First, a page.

Why we need to manage talent in the public sector
A few years ago, a bureaucrat friend of mine received a scholarship from the Department for International Development (DFID) to study at a top ranked university in the UK. He studied a subject relevant to him and successfully completed his post-graduate degree with distinction. Unlike the Bangladeshi university grading system, which are "fail, third class, second class, and first class," the UK master's degree grades are "fail (below 49), pass (50–59), merit (60–69), and distinction (above 70)." However, when he returned with his qualifications, he did not acquire the position and the area that he deserved. He was transferred to a poorly developed area which did not match the credentials he had acquired in university and this disappointed and demotivated him.
The case above is just one selected from thousands of civil servants in Bangladesh who were granted scholarships from different countries and international organisations such as the UK through DFID, Japan by the Japan International Cooperation Agency (JICA), and Australia by Australia's Agency for International Development (AusAID), who then returned after successful completion of their degrees and were rewarded with practically nothing. Subsequently, I consider it important to understand the significance of human resource management and, in particular, the time to change attitudes towards talent management in the Bangladeshi public sector organisations.
Talent management (TM) is a relatively new phenomenon and a burning topic for HR professionals in all kinds of organisations. For me, perhaps, the most acceptable definition of TM is provided by the Chartered Institute of Personnel Development in the CIPD factsheets titled "Talent Management", which defines talent management as "the systematic attraction, identification, development, engagement, retention, and deployment of those individuals who are of particular value to an organisation, either in view of their 'high potential' for the future or because they are fulfilling business/operational roles." Considering the definition, the provided case demonstrates all these components, such as continuous professional development along with high potentiality, which can help one to meet the desired performance targets in a pertinent position in the public service domain. The scopes of talent management are recruitment and selection, training and development, employee retention through reward management, and workforce planning (deployment of talented people). The goal is to meet the performance target and leadership development. However, without any confusion, talent management is a branch of human resource management. TM only works with individuals with high potential where the HRM is concerned about the management of the overall workforce.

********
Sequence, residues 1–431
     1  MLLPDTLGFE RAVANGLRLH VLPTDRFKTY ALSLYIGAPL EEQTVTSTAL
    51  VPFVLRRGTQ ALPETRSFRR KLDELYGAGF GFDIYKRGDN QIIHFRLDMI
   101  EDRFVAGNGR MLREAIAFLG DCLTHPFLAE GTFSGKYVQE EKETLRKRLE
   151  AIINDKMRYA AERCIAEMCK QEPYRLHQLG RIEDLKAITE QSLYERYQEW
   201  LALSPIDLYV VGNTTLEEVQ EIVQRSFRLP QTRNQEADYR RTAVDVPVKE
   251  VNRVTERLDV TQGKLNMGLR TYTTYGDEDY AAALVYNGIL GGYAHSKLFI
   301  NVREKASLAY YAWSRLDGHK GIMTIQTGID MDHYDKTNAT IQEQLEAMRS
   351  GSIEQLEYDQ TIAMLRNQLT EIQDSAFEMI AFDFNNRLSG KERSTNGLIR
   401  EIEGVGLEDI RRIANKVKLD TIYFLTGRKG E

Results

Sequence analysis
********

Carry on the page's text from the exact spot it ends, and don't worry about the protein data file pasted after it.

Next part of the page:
Like other countries, Bangladeshi public-sector employees have a significant role in the nation-building process through executing public policy and administering public services which help the country run smoothly. Civil servants, especially BCS cadres, play leadership roles which require skills, abilities and personal qualities. The reality is that most civil servants have the required skills, abilities, and personal qualities required to perform their job, but not all of them are talented. Therefore, TM must be developed for the civil service in Bangladesh to improve the current position of the country, which is currently suffering from resource scarcity, poverty, and a high unemployment rate and has a bureaucratic culture where there is corruption, authoritarianism, a centralisation of authority, elitism, a lack of transparency, a lack of accountability, citizens who are treated like children and a resistance to change. With proper talent management, Bangladeshi civil servants could improve their performance and productivity, improve job satisfaction, establish employee well-being and enterprise and sense of innovation.